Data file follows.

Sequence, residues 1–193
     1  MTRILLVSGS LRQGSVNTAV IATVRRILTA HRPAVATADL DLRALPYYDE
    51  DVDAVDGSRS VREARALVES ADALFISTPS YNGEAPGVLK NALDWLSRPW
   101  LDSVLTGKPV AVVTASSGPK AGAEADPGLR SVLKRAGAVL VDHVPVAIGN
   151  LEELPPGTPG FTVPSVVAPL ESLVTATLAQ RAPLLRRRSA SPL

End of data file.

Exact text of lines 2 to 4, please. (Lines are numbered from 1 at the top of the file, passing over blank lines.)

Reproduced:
     1  MTRILLVSGS LRQGSVNTAV IATVRRILTA HRPAVATADL DLRALPYYDE
    51  DVDAVDGSRS VREARALVES ADALFISTPS YNGEAPGVLK NALDWLSRPW
   101  LDSVLTGKPV AVVTASSGPK AGAEADPGLR SVLKRAGAVL VDHVPVAIGN